Gorton should look at the Leafs-Bruins series and see just how crucial deploying a balanced lineup is for building an elite team. It might just be the difference maker in beating some of the league’s best offenses. In year two of the rebuild, the Rangers allowed the eighth-most goals in the league with 272, while sitting 23rd in goals scored with 227.
So I guess you can say, yes, the Rangers do have balance, but not the right type of balance. However, it does look like things are going to get much better on the front end of the ice.
Mika Zibanejad and Chris Kreider enjoyed career years, Vitali Kravtsov reportedly agreed to an entry-level contract and there’s the anticipated arrival of Kaapo Kakko with the second overall pick in this year’s draft—unless, the New Jersey Devils decide on Kakko; in that case, the Rangers will take Jack Hughes. You can’t go wrong with either one of them. With the offense anticipated to get stronger for the Rangers, they can’t let that distract them on the need for defense.
This does not mean the Blueshirts have been ignoring the back end. They drafted Igor Shestyorkin in preparation for the retirement of Henrik Lundqvist. Shestyorkin played well in the KHL and for team Russia and reportedly agreed to an entry-level contract along with Kravtsov. However, the future of the defense is still up in the air. They are very young at the moment and outside of K’Andre Miller and Ryan Lindgren, they don’t have any notable defenders in their farm system.
The defense needs to be as big of a priority, if not bigger, than the offense. If there are going to times to put the offense over the defense, it’s when a key difference maker is available for the Rangers to take.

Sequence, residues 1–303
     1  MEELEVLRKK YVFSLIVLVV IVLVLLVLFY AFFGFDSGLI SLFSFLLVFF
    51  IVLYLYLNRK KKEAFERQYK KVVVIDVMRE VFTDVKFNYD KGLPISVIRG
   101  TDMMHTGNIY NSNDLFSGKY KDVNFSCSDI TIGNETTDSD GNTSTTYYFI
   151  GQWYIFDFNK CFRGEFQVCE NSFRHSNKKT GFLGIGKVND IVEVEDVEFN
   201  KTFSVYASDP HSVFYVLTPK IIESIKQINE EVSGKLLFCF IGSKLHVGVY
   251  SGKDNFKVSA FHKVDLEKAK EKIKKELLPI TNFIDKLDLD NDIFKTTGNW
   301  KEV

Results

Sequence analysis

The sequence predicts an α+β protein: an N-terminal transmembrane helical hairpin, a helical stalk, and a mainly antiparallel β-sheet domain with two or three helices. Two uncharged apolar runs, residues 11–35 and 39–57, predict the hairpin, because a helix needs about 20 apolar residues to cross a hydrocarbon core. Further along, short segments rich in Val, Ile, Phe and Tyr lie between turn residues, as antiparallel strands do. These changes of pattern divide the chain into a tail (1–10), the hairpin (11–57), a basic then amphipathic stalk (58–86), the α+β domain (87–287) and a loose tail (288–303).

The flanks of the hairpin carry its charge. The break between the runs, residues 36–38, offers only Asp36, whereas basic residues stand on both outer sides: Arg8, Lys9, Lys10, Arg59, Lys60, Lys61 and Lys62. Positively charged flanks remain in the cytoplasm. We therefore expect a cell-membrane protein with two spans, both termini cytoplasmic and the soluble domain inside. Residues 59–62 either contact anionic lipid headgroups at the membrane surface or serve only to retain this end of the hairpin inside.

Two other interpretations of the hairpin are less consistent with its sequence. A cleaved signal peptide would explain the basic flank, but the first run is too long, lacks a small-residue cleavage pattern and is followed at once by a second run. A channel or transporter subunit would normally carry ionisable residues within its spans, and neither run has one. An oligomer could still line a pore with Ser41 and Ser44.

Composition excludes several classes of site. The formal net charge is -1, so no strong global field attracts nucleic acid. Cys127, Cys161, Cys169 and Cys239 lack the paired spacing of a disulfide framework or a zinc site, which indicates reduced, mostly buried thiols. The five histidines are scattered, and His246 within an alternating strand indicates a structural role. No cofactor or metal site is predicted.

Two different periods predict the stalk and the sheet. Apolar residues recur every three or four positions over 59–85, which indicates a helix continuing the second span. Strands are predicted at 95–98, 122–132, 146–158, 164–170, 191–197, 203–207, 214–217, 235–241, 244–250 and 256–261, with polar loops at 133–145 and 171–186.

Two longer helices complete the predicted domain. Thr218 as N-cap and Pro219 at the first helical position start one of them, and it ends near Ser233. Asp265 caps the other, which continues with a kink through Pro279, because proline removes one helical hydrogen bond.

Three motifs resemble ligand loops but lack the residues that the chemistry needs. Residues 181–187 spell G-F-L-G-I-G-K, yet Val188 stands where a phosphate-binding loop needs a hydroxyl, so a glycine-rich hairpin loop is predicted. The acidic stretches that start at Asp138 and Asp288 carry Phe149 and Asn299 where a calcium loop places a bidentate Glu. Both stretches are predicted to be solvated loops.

For example, when Kakko (or the less likely case, if Hughes) is available, the Rangers need to jump on it. Another example is Artemi Panarin, and his rumored desire to be a Ranger. But as I said a few weeks ago, the Rangers need to be careful. If they are to sign him, it has to be to a contract that does not handicap the team.
If you look at the Bruins cap situation, they have no contracts that exceed $7.5 million. The Maple Leafs, however, will have two that exceed $11 million or more, Tavares and Matthews. Both players are spectacular, but big caps hit like that might make things difficult to keep and/or sign big free agents in the future.
Gorton must not fall for the same trap that hit the Maple Leafs. Toronto might be just one more big cap hit away from being unable to create an elite defensive core. Toronto has great talent up front. However, they won’t win a Cup with a defense that is OK, at best. Something they might have found out recently.
After knocking off the Leafs, the Bruins are the probable favorites to win the Eastern Conference with the Tampa Bay Lightning gone. They have consistent scoring power up front with a solid defense to help out when they don’t have puck possession.
That is the type of team that Gorton must create in New York. He needs to adopt the same mentality as Thanos did in Infinity War. Balance this roster. If it goes unchecked, future seasons will end in peril.
Of course, like the Mad Titan, Gorton might have to make some sacrifices for the sake of balancing the team on both ends. Thankfully, this doesn’t involve scavenging the cosmos for six stones that control different aspects of the universe so he can wipe out half it’s population. But even so, Gorton might have to send some guys on the front end packing in order to beef up the Rangers blue line.
Jeff Gorton has some tough choices to make in the future, but as Thanos would say, “The hardest choices require the strongest wills.”